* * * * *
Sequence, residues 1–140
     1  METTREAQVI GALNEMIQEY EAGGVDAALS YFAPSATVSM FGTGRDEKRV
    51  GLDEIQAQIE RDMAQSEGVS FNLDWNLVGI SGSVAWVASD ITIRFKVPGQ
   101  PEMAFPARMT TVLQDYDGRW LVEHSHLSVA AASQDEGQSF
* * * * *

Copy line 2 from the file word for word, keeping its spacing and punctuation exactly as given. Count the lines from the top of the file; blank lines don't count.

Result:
     1  METTREAQVI GALNEMIQEY EAGGVDAALS YFAPSATVSM FGTGRDEKRV